Thursday, May 03, 2007


To my knowledge, I have never used the words “Wisteria” and “Bus” in the same sentence ever before in my life. So here we go, even at my extended age, pushing the boundaries of one’s artistic output.

The Wisteria is like a Bus – Just when you’ve been waiting for a story about one Wisteria, along comes a second straight behind it.

A small amount of personal history to set the scene. 13 years ago, we bought a lovely house which had just been converted from a Seventeenth Century Shropshire Barn. It was situated in a fabulous location, with which we immediately fell hopelessly in love. We bought it.

One of the downsides of the place was that the garden had recently (very recently!) been a field, so its horticultural qualities were still a bit latent.

My wife took up this challenge with alacrity, and in a few months a total transformation had been wrought on the 1 Acre+ which we had bought. We (actually she) built a series of “rooms” in the garden where you went from one horticultural experience to another, and in less than a year, the basis for a beautiful garden had been created.

In the garden just outside our kitchen window, a Pergola was built, which caught, quite beautifully, the evening sun, and where sipping a Gin and Tonic, watching the sun disappear was quite near to Heaven on Earth, at least in this writer’s alcoholically induced opinion.

In order to enhance the Pergola, we purchased a hugely expensive Wisteria. These plants, as you may know, grow quite slowly, and it is usually quite a few years before they deign to flower. Ours, in 1994, cost us £110, which I can recall from a distance of thirteen years, made me blanche just a touch.

Nevertheless, the Wisteria was duly planted, and it duly grew gradually up the side of the pergola, and started to provide a lovely cover for the evening G&T.

But, for the next four years, it resolutely refused to flower, and each year, there was a mounting degree of anxiety about whether “this year” would be the year it blossomed forth. Each year, it simply sat there, huddled shoulders, biding its time.

One day, however, when pottering around the garden, I noticed that the Wisteria had simply disappeared. What the previous night, had been a plant stretching many feet up, and over the top of our Pergola, simply didn’t exist, and all that remained was a stump of trunk about a foot out of the ground, where this magnificent virginal specimen had once lived.

You feel such a twit asking your wife “This is going to sound really stupid, but, have you done anything with the Wisteria?”, and suffering THAT look, as if you have finally tipped over the edge. But the simple issue was, it had disappeared, and neither of us had a clue where it had gone. We formed a search party (I can’t believe I’m writing this) and quartered the garden, but to no avail.

Our area of review gradually expanded, into the outbuildings, and in our Haybarn, up in the eaves, we noticed a regular pile of sawn off pieces of small tree, which looked remarkably like 6” sections of our beloved Wisteria. They only looked like that because, upon closer investigation, that is what they turned out to be.

The story was completed, by the sight of a squirrel, peering over the top of the woodpile, as if asking what his new home had to do with us, and would we please go away, as we were disturbing his privacy.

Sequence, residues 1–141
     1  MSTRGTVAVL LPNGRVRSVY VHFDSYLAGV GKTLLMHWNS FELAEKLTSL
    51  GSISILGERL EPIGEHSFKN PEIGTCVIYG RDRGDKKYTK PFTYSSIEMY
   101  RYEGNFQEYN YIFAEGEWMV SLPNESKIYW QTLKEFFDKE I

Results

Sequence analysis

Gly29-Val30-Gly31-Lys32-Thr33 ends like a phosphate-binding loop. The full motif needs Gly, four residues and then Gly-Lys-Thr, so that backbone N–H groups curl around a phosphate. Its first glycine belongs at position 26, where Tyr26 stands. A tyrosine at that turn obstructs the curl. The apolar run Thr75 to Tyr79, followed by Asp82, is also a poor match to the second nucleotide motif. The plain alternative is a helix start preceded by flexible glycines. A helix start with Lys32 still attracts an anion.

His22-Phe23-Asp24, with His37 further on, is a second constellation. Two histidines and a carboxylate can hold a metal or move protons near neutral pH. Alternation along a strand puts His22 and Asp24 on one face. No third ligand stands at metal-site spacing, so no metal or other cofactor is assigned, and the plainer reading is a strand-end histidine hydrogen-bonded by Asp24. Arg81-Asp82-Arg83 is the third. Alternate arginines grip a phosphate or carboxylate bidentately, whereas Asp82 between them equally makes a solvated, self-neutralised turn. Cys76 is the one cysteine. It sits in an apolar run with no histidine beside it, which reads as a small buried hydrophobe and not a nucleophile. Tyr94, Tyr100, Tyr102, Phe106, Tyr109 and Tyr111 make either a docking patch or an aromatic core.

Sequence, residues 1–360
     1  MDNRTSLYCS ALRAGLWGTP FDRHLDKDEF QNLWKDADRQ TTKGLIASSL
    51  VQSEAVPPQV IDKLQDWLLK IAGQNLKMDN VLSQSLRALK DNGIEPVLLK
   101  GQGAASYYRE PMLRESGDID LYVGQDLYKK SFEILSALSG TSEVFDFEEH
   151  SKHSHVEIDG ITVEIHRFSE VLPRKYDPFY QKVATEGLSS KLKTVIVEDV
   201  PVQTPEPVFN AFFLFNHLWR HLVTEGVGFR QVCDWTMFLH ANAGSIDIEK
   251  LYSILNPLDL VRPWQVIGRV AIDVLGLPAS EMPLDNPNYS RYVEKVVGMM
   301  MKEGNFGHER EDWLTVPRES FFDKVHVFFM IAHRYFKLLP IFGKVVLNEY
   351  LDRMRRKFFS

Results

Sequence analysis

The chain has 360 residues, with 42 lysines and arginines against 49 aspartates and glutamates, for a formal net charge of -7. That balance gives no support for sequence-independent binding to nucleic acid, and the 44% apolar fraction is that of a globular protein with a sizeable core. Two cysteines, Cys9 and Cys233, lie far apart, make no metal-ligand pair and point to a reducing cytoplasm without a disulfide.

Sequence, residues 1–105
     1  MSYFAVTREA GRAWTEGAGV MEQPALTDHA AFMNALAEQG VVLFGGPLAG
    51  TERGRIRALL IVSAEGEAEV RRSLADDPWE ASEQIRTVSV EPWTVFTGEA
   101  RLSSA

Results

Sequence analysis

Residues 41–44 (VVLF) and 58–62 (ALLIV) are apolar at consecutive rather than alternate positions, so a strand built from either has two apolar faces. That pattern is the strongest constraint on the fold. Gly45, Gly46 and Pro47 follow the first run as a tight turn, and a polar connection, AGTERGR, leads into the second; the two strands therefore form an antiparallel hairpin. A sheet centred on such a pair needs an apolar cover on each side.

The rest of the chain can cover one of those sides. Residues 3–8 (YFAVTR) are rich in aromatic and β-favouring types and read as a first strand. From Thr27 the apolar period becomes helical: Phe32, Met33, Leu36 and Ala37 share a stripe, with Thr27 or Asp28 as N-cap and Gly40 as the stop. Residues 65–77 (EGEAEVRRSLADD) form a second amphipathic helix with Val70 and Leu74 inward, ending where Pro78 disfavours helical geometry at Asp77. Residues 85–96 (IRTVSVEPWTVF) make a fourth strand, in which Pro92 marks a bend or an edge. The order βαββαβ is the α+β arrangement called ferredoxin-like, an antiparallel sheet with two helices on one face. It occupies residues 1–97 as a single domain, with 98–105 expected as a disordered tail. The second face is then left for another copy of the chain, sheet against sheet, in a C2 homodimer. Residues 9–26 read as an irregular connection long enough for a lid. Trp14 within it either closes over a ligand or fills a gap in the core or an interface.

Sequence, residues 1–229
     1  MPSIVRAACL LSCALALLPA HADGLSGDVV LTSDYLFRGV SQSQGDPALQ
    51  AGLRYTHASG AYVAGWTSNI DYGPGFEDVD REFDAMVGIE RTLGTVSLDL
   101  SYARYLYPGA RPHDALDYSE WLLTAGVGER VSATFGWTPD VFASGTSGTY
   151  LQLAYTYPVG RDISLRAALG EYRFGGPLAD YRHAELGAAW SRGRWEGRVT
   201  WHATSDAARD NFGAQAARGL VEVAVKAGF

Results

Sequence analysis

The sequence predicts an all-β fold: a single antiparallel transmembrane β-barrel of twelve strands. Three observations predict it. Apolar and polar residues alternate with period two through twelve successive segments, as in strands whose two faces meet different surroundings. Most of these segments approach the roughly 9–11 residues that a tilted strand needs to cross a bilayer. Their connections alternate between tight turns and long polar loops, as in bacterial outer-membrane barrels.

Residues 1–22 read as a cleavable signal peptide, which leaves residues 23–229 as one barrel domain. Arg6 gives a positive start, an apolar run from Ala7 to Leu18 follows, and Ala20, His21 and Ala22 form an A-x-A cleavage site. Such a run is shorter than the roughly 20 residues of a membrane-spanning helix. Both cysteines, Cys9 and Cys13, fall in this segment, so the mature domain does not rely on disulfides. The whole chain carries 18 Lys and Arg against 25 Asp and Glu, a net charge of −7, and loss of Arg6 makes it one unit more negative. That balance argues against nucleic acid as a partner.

He had dismembered our Wisteria, literally in bite-sized chunks, transported them to his newly chosen house location, and formed them into a Des Res for himself and his family.

Best pleased, I was not. For some years, I had listened to the surrounding farmer’s views that Squirrels were vermin, and everyone of them shot or returned in some way to its maker was a real plus, with my “But they’re lovely little things” not getting much Airplay with them.

In an instant, this view was changed absolutely. Someone had to pay for this. You could see the beast, for that was now what he was, sitting on the fence, mentally, and I actually think, physically, waving two fingers at us, and the desire for some form of violent retribution took hold.

I borrowed an air-gun from my next door neighbour, and took up guard at the bedroom windows to give me a good field of view (no possibility of Friendly Fire here), and waited. At the appointed hour, our furry friend appeared, sat on the fence, and stared insolently towards me. You could almost hear the “Go on Punk, make my Day” wafting across the lawn.

I picked him up in my sights, took a breath, as you are taught in Rifle practice in the CCF, to become quite still, and did absolutely nothing.

Pathetic. So, I decided, if I couldn’t do it, I’d have to take out a contract on him. Someone else could have the blood on their hands. So my teenage next-door neighbour took on the job, a bit too Rambo like for my taste, and after a period of a few days, declared the deed Done.

I have to concede a degree of remorse at being the instigator of a violent death to such a beautiful creature, but “An Eye for an Eye” and all that. Except, of course, a couple of days later, who should appear but what looked suspiciously like my Squirrelish Master Builder, sitting on the fence, as large as life, and clearly very much still with us.

I have no idea how long squirrels live, but, for all I know, he is still alive, although, having sold the house to someone else, any plant in the garden he disassembles, is now someone else’s responsibility.



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